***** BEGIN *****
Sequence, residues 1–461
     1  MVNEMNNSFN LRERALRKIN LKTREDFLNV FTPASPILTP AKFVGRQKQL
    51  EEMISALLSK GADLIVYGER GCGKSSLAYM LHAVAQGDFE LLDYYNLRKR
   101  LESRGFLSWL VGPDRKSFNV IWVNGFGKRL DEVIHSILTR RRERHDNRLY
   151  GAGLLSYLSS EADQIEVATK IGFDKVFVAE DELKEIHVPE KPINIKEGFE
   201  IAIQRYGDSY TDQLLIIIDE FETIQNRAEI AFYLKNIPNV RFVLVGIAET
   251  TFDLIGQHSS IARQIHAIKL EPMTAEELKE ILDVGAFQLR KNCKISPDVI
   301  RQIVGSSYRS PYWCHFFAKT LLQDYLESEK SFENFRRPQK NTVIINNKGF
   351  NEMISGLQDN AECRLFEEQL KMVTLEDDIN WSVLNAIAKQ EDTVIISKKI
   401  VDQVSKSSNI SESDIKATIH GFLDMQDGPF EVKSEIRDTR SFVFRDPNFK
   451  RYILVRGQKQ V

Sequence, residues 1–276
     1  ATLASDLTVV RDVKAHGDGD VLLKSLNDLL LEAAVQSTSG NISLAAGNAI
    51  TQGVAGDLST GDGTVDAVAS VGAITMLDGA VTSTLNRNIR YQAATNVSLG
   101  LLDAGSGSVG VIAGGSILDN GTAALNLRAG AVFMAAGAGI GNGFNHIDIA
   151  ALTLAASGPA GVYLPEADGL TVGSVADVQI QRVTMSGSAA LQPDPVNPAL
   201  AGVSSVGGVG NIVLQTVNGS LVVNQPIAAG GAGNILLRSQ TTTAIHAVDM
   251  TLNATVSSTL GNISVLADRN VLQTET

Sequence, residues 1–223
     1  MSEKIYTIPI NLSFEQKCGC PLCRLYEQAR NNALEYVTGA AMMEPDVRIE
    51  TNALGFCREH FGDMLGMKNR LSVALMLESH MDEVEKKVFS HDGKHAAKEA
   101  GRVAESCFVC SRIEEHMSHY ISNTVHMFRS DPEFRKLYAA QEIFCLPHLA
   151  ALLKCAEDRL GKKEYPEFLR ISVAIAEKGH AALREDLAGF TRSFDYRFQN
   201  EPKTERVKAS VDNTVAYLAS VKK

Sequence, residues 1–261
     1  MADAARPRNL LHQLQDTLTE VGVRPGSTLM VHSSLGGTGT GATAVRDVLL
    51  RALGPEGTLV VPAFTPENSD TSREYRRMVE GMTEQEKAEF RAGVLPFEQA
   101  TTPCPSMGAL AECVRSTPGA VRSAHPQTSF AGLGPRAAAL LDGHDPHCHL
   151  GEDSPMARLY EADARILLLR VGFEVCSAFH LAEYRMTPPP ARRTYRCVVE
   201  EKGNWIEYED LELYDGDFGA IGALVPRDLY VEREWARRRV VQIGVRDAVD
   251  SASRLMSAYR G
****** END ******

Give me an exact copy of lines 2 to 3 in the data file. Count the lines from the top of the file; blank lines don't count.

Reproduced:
     1  MVNEMNNSFN LRERALRKIN LKTREDFLNV FTPASPILTP AKFVGRQKQL
    51  EEMISALLSK GADLIVYGER GCGKSSLAYM LHAVAQGDFE LLDYYNLRKR